Working proteins make good use of frustration

Rice, Buenos Aires, Heidelberg labs show enzymes need multiple levels of frustration to function.

In this structural model for a beta-lactamase protein, catalytic residues are shown as spheres with those that are consistently highly frustrated along the entire beta-lactamase family shown in red and those for which the frustrated state is not conserved in yellow. The new work by scientists at Rice University, the University of Buenos Aires and the European Molecular Biology Laboratory suggests these enzymes, which must remain exposed to react with their targets, get a measure of protection from the somewhat-frustrated amino acids around them. The green lines represent minimal frustration, the red lines represent high frustration. The linear charts at top and bottom show the positions of the relevant amino acids on the protein chain and a measure of the conservation of energy over the entire beta-lactamases protein family. Illustration by Maria Feiberger
In this structural model for a beta-lactamase protein, catalytic residues are shown as spheres with those that are consistently highly frustrated along the entire beta-lactamase family shown in red and those for which the frustrated state is not conserved in yellow. The new work by scientists at Rice University, the University of Buenos Aires and the European Molecular Biology Laboratory suggests these enzymes, which must remain exposed to react with their targets, get a measure of protection from the somewhat-frustrated amino acids around them. The green lines represent minimal frustration, the red lines represent high frustration. The linear charts at top and bottom show the positions of the relevant amino acids on the protein chain and a measure of the conservation of energy over the entire beta-lactamases protein family. Illustration by Maria Feiberger

Proteins- active sites of enzymes- accelerates and guide biochemical reactions make life possible. To do this, their instructions have to conflict somewhat with the protein’s overall structural plan, suggests a new study by the Rice University scientists.

Evolution has chosen parts of compounds as being imperative enough to be permitted to vivaciously digress from the guidelines that lead to a folding funnel, which manages the proteins into their functional low-vitality states. By looking over basically all known proteins, the specialists likewise affirmed the suspicion that extra dimensions of all the more feebly baffled cooperations encompass and bolster the catalytic sites themselves.

The study broadens the principle of minimal frustration that clarifies why proteins can easily advance from the direct arrangements initially encoded in their DNA to their working, three-dimensional globular structures. This principle recognizes the way that dissatisfaction frequently goes uncertainly when the staying fiery clash some way or another serves the protein’s function.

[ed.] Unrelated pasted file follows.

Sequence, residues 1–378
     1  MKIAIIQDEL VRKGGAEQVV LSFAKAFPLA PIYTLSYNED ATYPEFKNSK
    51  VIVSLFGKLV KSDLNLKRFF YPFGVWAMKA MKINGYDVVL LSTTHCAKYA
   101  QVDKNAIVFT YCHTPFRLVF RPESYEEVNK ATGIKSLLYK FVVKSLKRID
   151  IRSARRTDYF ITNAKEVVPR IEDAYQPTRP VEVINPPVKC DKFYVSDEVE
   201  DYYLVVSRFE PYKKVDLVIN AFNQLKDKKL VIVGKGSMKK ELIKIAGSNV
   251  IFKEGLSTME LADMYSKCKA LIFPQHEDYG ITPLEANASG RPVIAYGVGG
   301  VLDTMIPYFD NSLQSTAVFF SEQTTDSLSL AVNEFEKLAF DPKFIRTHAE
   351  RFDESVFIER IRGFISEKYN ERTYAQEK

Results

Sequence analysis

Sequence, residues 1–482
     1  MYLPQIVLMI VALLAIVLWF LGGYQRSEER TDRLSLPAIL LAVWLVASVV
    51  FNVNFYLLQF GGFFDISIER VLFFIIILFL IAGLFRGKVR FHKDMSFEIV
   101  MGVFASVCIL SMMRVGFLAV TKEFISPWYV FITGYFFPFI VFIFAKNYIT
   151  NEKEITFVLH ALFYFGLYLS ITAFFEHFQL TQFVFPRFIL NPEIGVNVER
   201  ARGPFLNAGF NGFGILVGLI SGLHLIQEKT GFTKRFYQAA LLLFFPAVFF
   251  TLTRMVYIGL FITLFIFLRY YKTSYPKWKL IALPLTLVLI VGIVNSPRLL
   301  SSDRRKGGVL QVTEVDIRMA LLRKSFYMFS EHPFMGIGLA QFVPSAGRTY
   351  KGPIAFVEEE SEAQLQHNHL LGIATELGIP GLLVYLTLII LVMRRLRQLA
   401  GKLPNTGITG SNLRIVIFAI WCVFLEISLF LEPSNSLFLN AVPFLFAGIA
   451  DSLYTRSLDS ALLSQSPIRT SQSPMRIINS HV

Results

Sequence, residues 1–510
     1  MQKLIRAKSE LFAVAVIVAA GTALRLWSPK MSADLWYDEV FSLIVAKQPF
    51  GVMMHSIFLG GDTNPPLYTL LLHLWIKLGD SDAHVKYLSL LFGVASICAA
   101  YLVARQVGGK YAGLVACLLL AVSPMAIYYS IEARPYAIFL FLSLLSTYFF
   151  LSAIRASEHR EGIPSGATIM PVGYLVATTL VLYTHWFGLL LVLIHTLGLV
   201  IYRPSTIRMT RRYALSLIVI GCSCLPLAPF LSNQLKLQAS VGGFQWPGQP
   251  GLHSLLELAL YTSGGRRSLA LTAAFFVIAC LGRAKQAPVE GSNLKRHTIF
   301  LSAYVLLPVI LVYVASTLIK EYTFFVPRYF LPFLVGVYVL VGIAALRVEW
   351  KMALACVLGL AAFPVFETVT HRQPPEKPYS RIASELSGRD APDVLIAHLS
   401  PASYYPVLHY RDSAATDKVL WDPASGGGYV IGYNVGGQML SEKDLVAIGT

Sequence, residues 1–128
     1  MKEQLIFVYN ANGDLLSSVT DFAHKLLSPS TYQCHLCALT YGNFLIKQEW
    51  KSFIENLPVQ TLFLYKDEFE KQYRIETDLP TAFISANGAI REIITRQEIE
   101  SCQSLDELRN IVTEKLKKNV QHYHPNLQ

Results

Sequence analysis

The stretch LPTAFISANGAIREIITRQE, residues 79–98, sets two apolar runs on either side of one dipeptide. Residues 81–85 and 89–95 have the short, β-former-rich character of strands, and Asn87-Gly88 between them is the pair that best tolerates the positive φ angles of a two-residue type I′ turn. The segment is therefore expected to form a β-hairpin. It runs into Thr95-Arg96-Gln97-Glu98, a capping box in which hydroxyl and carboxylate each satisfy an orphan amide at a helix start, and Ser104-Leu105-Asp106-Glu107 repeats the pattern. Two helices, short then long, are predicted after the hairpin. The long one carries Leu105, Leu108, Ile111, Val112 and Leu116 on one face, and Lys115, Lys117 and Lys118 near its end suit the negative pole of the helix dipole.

According to Rice’s Peter Wolynes, who enunciated the principle in a mathematical form more than 20 years ago, the energy landscapes of proteins with catalytic parts are worth extra analysis, given the importance evolution has assigned them.

He said, “A perfectly folded molecule, no matter how beautiful as a sculpture, can’t do much. You have to have a protein that, while being mostly folded, still has a few frustrated hinges that are incompatible with folding but are necessary to allow for the movement required for chemical reactions.”

“Frustration at the atomic level is simple to experience: Just push the positive poles of two magnets together and feel how they push back. Like magnets, the amino acids of a folding protein attract and repel each other as they (mostly) resolve conflicts and finally come to form a stable arrangement of contacts.”

“Now add a third magnet, and you can encounter frustration that you can’t get rid of.”

Frustration among the enzyme’s neighboring amino acids, as in the circumstance with the third magnet, acts to enable the frustrated enzyme to hold fast. It remains fairly insecure yet has locales accessible to tie with and modified target molecules.

Wolynes said, “Clearly, evolution has priorities that supersede the aesthetics of achieving a perfect fold.”

Scientists studied different types of protein structures and discovered that entire families of enzymes share characteristic signatures of active-site frustration that extend to the second and third amino acid layers, or shells, around the enzyme.

Wolynes said, “The interesting thing we found was that frustration generally extends beyond the absolute first shell. That means there’s an awkward but necessary subtlety to the functional constraints that requires getting these three shells right.”

“We have seen evidence of extended frustration in their efforts to modify enzymes for novel reactions. Sometimes they would specifically change the active site in order to catalyze different chemical reactions from the natural ones, but found that amino acids distant from the active site also needed to change to make the enzyme work efficiently.”

“It wasn’t obvious why, but the models show that changes in the second and third shells do improve enzymes’ catalytic ability. So our results were not a complete shock, but it’s nice to see that extended frustration is quite prevalent in nature and is a common theme through all the known enzyme classes.”

The study is detailed in the Proceedings of the National Academy of Sciences.